The Department of Health and Social Care (DHSC) has opened up the second round of applications for funding under the AI in Health and Care Award programme.
It said that technology companies, researchers and developers are able to bid for support in developing and testing AI and machine learning products for use in the NHS.
The department indicated that it is particularly interested in applications dealing with triage, screening, imaging and intelligent operational automation.
This follows the first round of awards in September, under which 42 projects won shares of £50 million from the overall budget of £140 million.
First round winners set to be tested in the NHS include a phone app that could help detect early kidney disease in urine samples of diabetic patients, an algorithm that could remove the need for the second human reader to assess breast cancer screening scans, and a computer software platform that uses AI to help detect early lung cancer.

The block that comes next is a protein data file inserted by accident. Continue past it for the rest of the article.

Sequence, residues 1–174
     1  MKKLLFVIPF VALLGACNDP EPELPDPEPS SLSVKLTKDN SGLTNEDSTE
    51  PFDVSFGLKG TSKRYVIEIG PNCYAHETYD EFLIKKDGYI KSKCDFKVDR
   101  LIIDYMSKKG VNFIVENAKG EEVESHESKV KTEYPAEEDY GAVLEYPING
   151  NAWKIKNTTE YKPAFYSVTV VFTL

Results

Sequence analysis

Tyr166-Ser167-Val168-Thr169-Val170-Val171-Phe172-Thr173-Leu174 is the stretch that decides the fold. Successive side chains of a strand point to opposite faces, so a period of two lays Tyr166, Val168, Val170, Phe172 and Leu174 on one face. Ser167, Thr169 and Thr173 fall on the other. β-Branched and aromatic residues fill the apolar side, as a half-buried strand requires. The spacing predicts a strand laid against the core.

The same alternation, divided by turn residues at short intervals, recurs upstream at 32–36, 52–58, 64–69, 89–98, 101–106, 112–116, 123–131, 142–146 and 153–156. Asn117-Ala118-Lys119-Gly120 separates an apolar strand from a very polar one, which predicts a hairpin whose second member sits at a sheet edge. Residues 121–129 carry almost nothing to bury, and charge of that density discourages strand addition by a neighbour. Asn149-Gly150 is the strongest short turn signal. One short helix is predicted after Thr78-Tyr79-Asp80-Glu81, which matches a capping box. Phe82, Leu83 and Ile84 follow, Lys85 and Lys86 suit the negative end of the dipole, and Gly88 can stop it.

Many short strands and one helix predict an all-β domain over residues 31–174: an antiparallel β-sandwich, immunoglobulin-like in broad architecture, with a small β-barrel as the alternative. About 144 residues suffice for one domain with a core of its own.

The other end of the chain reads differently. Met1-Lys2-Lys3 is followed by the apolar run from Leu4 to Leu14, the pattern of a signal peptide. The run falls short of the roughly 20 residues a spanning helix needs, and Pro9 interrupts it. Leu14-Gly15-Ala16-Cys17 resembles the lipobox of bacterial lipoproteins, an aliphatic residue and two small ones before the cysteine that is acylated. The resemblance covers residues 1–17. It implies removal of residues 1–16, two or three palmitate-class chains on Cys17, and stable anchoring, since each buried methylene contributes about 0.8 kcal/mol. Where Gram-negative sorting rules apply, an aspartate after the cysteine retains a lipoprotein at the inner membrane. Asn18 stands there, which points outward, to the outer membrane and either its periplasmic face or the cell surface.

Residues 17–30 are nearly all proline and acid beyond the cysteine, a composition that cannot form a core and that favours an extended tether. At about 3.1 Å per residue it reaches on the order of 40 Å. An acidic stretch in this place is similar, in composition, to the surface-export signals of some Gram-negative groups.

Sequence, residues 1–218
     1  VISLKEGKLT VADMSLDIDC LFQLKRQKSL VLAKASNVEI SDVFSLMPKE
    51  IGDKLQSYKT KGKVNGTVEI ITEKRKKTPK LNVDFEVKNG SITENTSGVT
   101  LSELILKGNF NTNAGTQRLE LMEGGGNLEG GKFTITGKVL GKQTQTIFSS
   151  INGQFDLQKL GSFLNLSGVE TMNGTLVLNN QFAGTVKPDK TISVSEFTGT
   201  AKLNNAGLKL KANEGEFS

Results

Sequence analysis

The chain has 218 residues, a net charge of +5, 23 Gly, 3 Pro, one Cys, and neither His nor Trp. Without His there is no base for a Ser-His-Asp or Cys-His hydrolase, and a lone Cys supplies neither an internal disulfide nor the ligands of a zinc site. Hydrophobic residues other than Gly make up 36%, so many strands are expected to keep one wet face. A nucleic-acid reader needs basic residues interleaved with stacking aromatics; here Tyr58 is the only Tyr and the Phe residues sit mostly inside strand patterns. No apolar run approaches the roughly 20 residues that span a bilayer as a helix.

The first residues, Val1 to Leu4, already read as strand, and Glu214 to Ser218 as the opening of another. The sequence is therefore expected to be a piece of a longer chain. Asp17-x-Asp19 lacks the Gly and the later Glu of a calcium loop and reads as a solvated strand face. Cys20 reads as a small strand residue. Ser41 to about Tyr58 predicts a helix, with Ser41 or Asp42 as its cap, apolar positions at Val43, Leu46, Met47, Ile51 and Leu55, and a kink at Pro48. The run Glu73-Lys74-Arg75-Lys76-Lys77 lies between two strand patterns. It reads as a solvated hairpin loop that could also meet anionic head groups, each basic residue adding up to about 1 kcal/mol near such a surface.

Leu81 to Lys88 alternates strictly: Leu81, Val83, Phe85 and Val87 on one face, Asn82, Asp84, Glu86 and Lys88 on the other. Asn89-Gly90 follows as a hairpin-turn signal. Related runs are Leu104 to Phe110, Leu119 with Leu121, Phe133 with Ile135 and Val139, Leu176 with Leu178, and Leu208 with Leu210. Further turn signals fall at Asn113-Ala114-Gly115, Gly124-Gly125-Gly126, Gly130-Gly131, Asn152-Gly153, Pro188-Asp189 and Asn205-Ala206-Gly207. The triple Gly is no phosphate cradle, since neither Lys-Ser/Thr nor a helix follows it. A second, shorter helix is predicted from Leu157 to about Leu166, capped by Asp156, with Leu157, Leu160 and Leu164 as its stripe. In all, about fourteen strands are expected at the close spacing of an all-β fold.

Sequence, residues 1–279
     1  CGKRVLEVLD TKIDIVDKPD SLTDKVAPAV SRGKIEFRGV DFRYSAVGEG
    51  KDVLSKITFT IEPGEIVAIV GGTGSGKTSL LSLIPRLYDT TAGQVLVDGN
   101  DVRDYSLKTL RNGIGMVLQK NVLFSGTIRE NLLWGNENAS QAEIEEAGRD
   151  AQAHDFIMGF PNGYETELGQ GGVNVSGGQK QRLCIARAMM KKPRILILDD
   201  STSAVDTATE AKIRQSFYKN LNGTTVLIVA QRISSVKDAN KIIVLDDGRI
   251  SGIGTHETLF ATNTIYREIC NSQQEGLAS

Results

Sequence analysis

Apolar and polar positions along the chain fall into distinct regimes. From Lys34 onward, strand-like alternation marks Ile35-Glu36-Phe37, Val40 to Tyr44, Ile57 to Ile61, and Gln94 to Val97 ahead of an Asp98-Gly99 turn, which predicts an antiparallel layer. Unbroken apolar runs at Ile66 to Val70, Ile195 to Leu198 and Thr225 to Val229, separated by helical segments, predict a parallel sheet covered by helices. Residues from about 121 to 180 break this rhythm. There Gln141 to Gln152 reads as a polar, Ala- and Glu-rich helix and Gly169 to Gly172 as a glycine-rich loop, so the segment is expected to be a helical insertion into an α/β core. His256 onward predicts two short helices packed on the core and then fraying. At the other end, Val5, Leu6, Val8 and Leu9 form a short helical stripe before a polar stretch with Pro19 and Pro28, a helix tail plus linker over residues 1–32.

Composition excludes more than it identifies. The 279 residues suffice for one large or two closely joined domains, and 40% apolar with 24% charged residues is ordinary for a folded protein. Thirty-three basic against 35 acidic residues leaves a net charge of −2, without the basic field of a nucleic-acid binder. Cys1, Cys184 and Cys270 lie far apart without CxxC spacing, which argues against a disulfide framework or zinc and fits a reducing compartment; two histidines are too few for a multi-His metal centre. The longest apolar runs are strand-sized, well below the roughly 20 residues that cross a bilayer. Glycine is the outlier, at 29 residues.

Indra Joshi, director of AI at NHSX, said:“Artificial intelligence and machine learning have enormous potential in healthcare. This award will help us harness the enormous range of innovation in AI so the NHS can be a world leader in the use and deployment of these cutting edge technologies.
“Before we can roll out these new devices or processes, the award will enable us to test and evaluate them so we can make sure they deliver the expected benefits to staff and patients.
“We had a huge amount of interest in the first round of the AI in Health and Care Award and, once again we would encourage all those who have an AI tool or product they think could help the NHS to apply now.”
The programme was announced by Health Secretary Matt Hancock in January, who said the focus would be on “finding and boosting existing technologies with serious scale-up potential”, and that the awards will cover all stages of the product cyber, from proof of concept to initial adoption in the NHS.
The money is being made available through the through the National AI Lab – created last August within NHSX – and the NHS Access Collaboration, which brings together industry, government, regulators, patients and the NHS to accelerate the introduction of new treatments and diagnostics.
Image from iStock metamoreworks